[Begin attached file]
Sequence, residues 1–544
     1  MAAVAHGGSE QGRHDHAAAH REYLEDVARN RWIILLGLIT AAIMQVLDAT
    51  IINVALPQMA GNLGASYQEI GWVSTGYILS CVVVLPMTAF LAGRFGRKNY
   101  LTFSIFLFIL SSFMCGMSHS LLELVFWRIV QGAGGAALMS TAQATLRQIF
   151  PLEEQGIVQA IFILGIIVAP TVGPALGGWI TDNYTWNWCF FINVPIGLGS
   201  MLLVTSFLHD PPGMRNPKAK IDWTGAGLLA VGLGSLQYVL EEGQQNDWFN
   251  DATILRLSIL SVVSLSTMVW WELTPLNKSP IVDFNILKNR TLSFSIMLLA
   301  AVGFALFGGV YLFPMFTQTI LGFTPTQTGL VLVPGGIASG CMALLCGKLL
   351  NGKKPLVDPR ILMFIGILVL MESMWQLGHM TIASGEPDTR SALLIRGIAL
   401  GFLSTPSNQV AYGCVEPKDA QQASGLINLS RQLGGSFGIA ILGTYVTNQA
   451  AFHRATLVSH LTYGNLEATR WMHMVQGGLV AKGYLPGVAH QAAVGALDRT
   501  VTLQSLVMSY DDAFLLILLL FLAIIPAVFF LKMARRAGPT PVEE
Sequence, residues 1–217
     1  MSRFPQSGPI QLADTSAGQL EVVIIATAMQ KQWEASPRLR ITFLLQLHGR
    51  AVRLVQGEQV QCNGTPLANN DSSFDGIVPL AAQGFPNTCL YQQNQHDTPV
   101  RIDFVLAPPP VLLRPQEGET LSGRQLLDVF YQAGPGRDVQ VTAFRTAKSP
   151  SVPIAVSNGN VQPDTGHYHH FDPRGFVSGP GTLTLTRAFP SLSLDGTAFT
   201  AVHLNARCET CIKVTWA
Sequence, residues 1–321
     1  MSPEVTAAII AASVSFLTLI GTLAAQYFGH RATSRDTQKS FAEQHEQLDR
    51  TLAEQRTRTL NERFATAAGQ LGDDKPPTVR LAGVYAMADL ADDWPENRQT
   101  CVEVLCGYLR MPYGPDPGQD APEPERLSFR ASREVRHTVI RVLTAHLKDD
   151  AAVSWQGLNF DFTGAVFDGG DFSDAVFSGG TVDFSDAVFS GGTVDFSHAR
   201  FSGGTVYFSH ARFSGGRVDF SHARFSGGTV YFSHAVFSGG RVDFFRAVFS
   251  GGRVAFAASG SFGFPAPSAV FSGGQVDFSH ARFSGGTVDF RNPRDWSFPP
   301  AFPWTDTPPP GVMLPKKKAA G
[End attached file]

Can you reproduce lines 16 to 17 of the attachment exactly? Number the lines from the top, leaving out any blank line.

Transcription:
   101  RIDFVLAPPP VLLRPQEGET LSGRQLLDVF YQAGPGRDVQ VTAFRTAKSP
   151  SVPIAVSNGN VQPDTGHYHH FDPRGFVSGP GTLTLTRAFP SLSLDGTAFT